Reservoir-Induced Seismicity

Earthquakes Triggered by Dams

Sichuan earthquake damages building, 14 May 2008
Sichuan earthquake damages building, 14 May 2008 Miniwiki Earthquakes can be induced by dams. Globally, there are over 100 identified cases of earthquakes that scientists believe were triggered by reservoirs (see Gupta 2002). The most serious case may be the 7.9-magnitude Sichuan earthquake in May 2008, which killed an estimated 80,000 people and has been linked to the construction of the Zipingpu Dam. How Do Dams Trigger Earthquakes? In a paper prepared for the World Commission on Dams, Dr. V. P Jauhari wrote the following about this phenomenon, known as Reservoir-Induced Seismicity (RIS):

Global Dam Safety and Security Challenges

Thursday, October 20, 2011
Originally published in Volume 10 Number 4 of the The CIP ReportCenter for Infrastructure Protection and Homeland Security (CIP/HS)George Mason University, School of Law With over 54,000 large dams worldwide, dam safety is a major and growing global concern. In a changing climate, dam safety and security is no longer just an issue of aging infrastructure but also of intensifying water conflicts, food security, and appropriate adaptation measures to climate change. Below are just some of the many examples of dam safety and security issues from around the world. Dam Safety and Earthquakes While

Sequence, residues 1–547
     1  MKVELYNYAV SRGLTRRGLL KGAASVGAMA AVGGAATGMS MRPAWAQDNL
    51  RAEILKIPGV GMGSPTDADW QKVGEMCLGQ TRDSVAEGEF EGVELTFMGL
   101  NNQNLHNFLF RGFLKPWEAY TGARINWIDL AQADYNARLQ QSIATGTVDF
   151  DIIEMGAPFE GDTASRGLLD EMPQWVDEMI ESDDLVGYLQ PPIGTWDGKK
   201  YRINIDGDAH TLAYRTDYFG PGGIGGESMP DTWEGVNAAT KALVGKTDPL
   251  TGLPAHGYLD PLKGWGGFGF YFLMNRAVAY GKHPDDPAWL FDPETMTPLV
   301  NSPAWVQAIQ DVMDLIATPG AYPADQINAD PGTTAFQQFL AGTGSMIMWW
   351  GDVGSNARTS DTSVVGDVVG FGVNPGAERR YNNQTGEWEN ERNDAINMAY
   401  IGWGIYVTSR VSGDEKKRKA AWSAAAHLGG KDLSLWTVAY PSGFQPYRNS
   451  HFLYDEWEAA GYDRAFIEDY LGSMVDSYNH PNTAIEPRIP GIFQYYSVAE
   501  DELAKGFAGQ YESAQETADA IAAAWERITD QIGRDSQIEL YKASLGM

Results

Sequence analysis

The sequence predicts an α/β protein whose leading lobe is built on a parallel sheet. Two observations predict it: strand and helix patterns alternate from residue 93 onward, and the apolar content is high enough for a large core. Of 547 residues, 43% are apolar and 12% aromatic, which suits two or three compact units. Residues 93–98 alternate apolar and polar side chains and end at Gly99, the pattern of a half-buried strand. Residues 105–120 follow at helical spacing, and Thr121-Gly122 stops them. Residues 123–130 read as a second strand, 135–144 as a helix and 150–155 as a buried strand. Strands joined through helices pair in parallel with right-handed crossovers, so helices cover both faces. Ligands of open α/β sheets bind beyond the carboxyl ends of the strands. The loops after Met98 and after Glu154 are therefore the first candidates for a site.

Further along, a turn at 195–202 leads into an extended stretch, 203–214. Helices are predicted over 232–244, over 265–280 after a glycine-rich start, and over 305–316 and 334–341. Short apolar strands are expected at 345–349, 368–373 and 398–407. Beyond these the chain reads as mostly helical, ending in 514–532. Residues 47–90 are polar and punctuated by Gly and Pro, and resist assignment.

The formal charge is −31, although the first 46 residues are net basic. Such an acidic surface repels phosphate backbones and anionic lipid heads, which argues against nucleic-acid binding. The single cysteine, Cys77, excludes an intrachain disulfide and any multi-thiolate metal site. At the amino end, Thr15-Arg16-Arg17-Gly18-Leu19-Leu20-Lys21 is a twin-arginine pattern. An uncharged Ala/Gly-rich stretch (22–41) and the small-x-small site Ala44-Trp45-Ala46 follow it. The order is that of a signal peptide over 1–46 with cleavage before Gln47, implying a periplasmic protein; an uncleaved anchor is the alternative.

Chinese Government Acknowledges Problems of Three Gorges Dam

The Three Gorges Dam on the Yangtze River
The Three Gorges Dam on the Yangtze River In an unexpected statement, China’s government has just acknowledged the serious problems of the Three Gorges Dam. “The project is now greatly benefiting the society in the aspects of flood prevention, power generation, river transportation and water resource utilization,” the government maintained, but it has also “caused some urgent problems in terms of environmental protection, the prevention of geological hazards and the welfare of the relocated communities.” On the same day, it announced concrete measures to improve the living conditio

Dam Burst Feared After Qinghai Earthquake, China

On April 14, 2010, an earthquake measuring at 7.1 (6.9 according to the US Geological Survey) struck Yushu County in the largely Tibetan area of Qinhai Province. The tremor, whose epicenter lies near the high mountain town of Jiegu in Yushu County on the Qinghai Plateau, killed 1,700 people and seriously injured 11,000. The earthquake has highlighted civil society's concerns regarding dam safety and earthquake-related dam bursts. According to Chinese news reports, the Changu (or Thrangu in Tibetan) hydropower dam was damaged by the earthquake, and is "at the risk of collapse a

The Qinghai Earthquake and Dams

Wednesday, April 14, 2010
International Rivers Media Advisory Another terrible earthquake has struck China. The 7.1 tremor with an epicenter near Jiegu in Yushu County on the Qinghai Plateau has killed at least 400 people. According to Chinese news reports, the Changu (or Thrangu in Tibetan) hydropower dam was damaged by the earthquake, and is "at the risk of collapse at any time." The Changu (Thrangu) Project is located upstream of the county seat, Jiegu, and is clearly visible on Google Earth. If the dam breaks, it would endanger the lives of more than 100,000 people living downstream. International Ri